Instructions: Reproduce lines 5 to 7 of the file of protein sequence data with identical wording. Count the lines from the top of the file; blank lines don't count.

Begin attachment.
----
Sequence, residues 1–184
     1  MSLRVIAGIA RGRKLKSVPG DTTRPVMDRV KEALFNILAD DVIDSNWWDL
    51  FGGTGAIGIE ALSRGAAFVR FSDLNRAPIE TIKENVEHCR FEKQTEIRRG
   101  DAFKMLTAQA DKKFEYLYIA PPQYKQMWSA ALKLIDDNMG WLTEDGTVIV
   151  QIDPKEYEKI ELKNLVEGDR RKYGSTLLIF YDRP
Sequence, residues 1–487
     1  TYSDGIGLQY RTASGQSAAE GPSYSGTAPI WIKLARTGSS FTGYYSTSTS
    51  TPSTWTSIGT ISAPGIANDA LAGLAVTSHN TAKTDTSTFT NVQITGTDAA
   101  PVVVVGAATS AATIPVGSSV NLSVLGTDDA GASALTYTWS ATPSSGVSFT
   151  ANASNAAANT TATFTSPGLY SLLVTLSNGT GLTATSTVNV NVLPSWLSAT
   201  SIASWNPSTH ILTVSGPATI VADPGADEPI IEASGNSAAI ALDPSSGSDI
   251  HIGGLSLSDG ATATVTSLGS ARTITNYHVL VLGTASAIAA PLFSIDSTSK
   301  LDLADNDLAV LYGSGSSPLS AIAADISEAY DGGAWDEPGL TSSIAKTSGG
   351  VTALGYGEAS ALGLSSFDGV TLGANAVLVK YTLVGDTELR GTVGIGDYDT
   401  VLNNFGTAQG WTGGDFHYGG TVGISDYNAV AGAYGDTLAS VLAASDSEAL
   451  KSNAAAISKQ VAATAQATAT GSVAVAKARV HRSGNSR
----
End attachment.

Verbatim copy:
   151  QIDPKEYEKI ELKNLVEGDR RKYGSTLLIF YDRP
Sequence, residues 1–487
     1  TYSDGIGLQY RTASGQSAAE GPSYSGTAPI WIKLARTGSS FTGYYSTSTS